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Friday 25 July 2014

No mobile phones allowed on US bound flights unless charged

Mark O'Regan

Published 06/07/2014|21:44

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The Transportation Security Administration said it will require some foreign airports to order passengers to turn on devices such as mobile phones
The Transportation Security Administration said it will require some foreign airports to order passengers to turn on devices such as mobile phones

Mobile phones and laptops will be banned from planes heading for the US if they are not charged up, amid heightened fears of an imminent terrorist attack.

Both the Dublin Airport Authority and Aer Lingus have confirmed they are noting the new guidelines

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And last night it emerged that passengers at Dublin airport may soon be forced to turn on electronic devices to prove they are real at security in light of mounting threats of an Al-Qaeda bomb attack.

Both the Dublin Airport Authority and Aer Lingus have confirmed they are noting the new guidelines.

The security clampdown may mean passengers will have to undergo “vigorous” body searches.

The Dublin Airport Authority (DAA) told the Irish Independent that it is “liaising with the Department of Transport in relation to any proposed changes regarding aviation security at Irish airports.”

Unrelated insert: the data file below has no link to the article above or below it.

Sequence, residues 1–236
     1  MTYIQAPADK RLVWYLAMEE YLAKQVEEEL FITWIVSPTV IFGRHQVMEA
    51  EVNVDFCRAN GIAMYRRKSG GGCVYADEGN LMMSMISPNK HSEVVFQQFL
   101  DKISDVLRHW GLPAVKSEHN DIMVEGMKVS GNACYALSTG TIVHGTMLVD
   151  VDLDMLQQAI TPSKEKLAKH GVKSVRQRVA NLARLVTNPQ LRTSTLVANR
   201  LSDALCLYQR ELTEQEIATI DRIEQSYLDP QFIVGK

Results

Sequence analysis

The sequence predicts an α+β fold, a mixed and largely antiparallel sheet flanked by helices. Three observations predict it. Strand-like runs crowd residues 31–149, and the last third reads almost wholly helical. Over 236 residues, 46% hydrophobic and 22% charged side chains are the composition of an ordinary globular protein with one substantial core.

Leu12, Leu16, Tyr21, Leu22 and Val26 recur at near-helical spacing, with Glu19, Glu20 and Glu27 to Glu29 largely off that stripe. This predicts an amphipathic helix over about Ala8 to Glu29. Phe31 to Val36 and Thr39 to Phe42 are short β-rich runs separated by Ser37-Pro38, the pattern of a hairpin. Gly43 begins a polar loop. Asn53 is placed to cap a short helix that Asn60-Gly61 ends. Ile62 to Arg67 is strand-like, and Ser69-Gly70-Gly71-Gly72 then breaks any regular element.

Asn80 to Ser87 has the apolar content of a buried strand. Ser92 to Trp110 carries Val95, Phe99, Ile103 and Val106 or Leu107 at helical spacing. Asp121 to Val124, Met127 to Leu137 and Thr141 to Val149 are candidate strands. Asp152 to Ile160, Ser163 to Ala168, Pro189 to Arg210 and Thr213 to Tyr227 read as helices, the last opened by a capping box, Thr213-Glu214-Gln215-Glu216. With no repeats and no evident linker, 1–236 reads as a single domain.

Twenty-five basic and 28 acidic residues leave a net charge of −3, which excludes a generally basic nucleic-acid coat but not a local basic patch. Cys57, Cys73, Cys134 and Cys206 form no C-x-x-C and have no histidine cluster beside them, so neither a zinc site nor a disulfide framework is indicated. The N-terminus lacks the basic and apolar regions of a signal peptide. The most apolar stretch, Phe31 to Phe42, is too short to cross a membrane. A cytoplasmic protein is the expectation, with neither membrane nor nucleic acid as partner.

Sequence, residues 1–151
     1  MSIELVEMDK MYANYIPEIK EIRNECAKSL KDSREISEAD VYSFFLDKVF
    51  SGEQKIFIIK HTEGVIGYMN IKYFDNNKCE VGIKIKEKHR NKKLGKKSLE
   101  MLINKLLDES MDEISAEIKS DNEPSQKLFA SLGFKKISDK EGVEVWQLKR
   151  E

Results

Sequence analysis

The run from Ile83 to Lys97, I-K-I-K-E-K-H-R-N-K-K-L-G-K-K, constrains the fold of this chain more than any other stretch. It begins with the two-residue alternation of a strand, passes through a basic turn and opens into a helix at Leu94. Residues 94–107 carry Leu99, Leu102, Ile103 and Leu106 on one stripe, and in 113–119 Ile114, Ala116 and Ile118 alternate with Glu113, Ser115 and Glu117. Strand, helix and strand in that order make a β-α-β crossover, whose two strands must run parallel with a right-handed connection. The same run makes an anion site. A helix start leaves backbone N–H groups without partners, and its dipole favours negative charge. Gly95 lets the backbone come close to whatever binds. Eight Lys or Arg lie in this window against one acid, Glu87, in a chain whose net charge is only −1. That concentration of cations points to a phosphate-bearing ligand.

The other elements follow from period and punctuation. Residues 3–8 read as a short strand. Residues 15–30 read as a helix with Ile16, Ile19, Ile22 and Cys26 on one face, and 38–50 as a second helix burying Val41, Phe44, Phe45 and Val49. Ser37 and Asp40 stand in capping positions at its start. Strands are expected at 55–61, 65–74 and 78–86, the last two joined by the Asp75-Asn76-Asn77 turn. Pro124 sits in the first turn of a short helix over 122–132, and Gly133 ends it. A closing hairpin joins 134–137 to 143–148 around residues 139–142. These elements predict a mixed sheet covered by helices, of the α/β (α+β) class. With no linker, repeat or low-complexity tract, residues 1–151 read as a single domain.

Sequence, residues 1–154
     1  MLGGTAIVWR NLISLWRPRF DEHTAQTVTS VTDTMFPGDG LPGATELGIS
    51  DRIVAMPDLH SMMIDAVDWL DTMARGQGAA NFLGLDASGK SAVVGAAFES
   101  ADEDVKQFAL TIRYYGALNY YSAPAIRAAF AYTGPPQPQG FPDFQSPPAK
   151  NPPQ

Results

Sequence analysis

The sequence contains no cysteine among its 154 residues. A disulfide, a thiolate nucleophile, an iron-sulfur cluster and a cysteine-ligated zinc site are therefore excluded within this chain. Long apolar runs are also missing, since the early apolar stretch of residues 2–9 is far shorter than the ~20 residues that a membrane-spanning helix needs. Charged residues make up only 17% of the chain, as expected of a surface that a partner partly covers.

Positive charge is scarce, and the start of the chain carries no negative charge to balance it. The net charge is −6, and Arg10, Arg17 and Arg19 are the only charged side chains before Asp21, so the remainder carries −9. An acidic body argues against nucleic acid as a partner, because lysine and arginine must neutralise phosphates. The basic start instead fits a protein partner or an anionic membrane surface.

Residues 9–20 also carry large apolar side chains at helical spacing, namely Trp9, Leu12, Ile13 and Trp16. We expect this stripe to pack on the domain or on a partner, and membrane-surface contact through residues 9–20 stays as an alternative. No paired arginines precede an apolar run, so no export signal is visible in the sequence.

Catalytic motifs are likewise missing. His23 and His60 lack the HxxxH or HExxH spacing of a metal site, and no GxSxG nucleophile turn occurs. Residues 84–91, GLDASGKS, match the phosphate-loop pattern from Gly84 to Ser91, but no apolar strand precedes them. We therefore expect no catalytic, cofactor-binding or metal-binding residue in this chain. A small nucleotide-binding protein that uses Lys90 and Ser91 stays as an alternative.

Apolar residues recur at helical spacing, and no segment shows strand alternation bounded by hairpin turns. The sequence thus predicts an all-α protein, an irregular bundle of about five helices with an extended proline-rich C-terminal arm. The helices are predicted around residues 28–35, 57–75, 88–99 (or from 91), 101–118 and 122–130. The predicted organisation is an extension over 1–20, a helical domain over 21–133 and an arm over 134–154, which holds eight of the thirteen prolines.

Aer Lingus said it is “looking into the new regulations and will advise customers accordingly.”

The move comes as airport security in the UK, America and other countries is ramped up amid concerns that al-Qaeda extremists based in Yemen plan to use British and other Western jihadists fighting in Syria and Iraq as suicide bombers.

Laptops, tablet computers and other electronic devices will also be banned from planes if they cannot be turned on.

US officials have singled out smartphones including iPhones made by Apple Inc and Galaxy phones made by Samsung Electronics Co Ltd for extra security checks on US-bound direct flights from Europe, the Middle East and Africa.

Last week, beefed-up security at foreign airports with direct flights to the US was requested by Jeh Johnson, the American secretary of homeland security.

Intelligence suggests that al-Qaeda in Yemen and its master bomb maker Ibrahim Hassan al-Asiri, have linked up with jihadists in Syria and passed on bomb-making expertise.

And there has been resistance to the measures, with some UK passengers complaining of hour-long queues through clogged security gates.

When the increased security took effect last week, travellers were subjected to “vigorous” body searches and clothing and shoes were swabbed for traces of explosive.

Irish Independent

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